We can further investigate the bulk vs filamentary behavior by examining the devices far from the switching behavior. We measured the resistance of our devices at 0.4 V, much below the hold and threshold voltages in our devices, plotted in Fig. 5.
The microscale devices show little change in resistance even as the device area increases, again supporting the creation of filaments in the material to conduct the current.14 Our results match those often reported, where electroforming creates a conducting filament. We expect these filaments to be the same conductivity and size, thus the resistance of the device does not change, despite the factor of 100 increase in device area.
In Fig. 5, our results in the smallest nanoscale films show that the resistance scales inversely with the device area, , where and are the resistivity and thickness of the film, respectively. This is in contrast with earlier work that saw that nanoscale devices vary with the circumference rather than the area,16 and in contrast with other work that found different conductivities in different sized devices,12 however, these earlier works both required an electroforming step. This electroforming step is stochastic by nature. In our nanoscale devices, we avoid the stochastic electroforming step and find that the resistance scales inversely with area. Given that our films are similar in thickness, we can conclude that the conductivity in our device areas are uniform and constant—we observe a bulk response in our nanoscale devices. Thus, we can conclude that our nanoscale devices are crystallized to an extent that the conduction path is a bulk effect (rather than percolation), even if the material is not fully crystallized. These results are in stark contrast to previous work.19 Our results clearly show that both annealing and small device sizes are necessary to create stable and reproducible resistivities and threshold switching.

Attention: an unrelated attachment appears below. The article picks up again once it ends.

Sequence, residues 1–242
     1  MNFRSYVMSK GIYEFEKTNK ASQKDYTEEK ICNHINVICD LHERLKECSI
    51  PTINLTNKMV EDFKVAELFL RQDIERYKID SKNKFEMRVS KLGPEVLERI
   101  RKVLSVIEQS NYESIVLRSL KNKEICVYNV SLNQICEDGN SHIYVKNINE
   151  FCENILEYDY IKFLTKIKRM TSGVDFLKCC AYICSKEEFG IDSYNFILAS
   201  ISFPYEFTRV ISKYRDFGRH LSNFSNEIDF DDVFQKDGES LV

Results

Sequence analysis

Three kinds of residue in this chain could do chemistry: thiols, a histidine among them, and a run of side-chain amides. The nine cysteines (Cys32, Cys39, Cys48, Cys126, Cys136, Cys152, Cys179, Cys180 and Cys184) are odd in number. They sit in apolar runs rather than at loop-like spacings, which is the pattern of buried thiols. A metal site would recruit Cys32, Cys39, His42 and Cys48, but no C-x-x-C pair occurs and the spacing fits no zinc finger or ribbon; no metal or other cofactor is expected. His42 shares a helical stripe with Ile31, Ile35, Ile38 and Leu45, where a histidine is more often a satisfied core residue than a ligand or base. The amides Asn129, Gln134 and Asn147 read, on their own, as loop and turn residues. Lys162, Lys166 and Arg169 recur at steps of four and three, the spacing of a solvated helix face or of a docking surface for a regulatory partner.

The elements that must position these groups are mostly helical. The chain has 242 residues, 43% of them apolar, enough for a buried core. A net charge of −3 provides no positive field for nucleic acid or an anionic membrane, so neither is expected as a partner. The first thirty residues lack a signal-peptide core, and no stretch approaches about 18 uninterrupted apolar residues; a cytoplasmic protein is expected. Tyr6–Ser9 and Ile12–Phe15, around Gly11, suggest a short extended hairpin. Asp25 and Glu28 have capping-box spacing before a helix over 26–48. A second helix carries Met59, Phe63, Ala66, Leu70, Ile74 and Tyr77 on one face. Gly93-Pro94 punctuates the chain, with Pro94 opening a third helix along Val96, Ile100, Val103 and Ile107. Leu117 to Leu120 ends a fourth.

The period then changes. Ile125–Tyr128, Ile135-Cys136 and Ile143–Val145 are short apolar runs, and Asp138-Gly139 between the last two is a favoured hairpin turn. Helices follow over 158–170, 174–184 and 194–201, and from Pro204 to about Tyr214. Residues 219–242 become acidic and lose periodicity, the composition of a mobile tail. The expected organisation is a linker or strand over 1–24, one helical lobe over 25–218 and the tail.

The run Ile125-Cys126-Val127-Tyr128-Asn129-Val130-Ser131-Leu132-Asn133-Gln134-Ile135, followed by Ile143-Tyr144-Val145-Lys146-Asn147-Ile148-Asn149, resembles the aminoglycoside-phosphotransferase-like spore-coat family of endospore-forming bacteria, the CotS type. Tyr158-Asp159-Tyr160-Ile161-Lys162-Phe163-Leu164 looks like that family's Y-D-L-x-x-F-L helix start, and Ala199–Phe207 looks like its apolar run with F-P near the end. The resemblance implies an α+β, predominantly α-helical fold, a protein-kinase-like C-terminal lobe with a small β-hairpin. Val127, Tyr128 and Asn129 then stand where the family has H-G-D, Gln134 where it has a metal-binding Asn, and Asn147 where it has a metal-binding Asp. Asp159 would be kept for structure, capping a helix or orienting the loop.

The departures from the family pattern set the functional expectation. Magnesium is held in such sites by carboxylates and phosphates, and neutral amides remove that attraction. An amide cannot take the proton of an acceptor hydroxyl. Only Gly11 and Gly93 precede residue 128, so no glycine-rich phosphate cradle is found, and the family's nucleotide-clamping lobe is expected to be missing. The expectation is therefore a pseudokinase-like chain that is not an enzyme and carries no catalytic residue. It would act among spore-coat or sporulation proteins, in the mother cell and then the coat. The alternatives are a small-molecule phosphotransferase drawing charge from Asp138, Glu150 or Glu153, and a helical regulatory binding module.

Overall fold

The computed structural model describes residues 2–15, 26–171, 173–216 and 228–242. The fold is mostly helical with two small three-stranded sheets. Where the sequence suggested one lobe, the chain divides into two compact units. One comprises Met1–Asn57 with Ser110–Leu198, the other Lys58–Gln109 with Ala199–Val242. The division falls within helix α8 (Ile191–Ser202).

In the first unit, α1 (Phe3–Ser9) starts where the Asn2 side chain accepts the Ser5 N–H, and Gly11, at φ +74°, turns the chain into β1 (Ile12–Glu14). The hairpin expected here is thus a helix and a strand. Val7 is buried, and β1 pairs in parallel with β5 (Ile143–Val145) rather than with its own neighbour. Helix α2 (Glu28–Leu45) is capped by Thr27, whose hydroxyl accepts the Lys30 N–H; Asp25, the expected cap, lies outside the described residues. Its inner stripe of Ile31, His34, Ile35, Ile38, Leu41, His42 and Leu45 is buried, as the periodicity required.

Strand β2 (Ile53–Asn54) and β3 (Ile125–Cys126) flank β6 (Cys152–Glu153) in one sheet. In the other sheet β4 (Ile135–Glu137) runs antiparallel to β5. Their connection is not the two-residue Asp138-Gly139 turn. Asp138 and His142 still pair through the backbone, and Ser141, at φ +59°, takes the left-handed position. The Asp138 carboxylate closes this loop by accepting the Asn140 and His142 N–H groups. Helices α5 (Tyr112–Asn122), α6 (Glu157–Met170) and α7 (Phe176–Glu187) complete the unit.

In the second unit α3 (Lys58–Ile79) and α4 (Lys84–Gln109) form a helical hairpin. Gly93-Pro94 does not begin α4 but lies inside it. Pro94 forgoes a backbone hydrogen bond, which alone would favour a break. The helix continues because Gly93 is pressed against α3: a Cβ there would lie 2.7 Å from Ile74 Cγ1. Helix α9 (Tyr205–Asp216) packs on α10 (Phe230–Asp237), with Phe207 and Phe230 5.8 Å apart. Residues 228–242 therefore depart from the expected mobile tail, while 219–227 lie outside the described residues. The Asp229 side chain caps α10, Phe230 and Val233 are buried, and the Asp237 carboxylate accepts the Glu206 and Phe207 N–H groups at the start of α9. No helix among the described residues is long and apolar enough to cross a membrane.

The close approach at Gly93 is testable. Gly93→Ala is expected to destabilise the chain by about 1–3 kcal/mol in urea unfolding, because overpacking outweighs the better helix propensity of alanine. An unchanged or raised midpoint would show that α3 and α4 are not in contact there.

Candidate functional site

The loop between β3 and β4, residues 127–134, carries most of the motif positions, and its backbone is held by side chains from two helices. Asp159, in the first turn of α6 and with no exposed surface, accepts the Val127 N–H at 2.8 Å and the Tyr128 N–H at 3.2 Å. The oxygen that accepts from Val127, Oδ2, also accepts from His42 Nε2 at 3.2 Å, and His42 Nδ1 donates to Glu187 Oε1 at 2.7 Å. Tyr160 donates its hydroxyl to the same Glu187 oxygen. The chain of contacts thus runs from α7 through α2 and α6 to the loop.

The largest nanoscale device () deviates from the expected behavior of . When comparing the devices, either the IV curves in Fig. 3 or the threshold voltages in Fig. 4, we see a gradual change as the nanoscale devices begin to behave in a similar manner as the microscale crossbar devices. This change occurs as the nanoscale devices reach the size of the filaments (roughly 300 nm).12 We speculate that the Joule heating in the device anneals the larger device in situ such that it behaves similar to the electroformed filaments in the microscale crossbar devices. These results indicate that there is a limit to the size of the devices: “nanoscale” alone cannot insure reproducible threshold switching—the size of the device must be smaller than the size of electroformed filaments.
C. Titanium doping for threshold switching stabilization
The inclusion of titanium as a dopant in films has shown some promise in its ability to stabilize the threshold switching in niobium oxide films. Our results in crossbar devices are shown in Fig. 6, for films with Ti doping of 0, 1.0, and 1.8% (Fig. 1).
The change in threshold and hold voltages are shown as a box and whisker plot in Fig. 6. We see no significant change in the threshold or hold voltages upon addition of titanium. In devices similar to ours, where the films are a stoichiometric mix of and , researchers report both gradual threshold switching and no significant change in the threshold voltages upon the addition of as much as 7% Ti.15 In contrast, microscale devices based on stoichiometric show stabilized switching and reduced and with as little as 0.7% Ti.13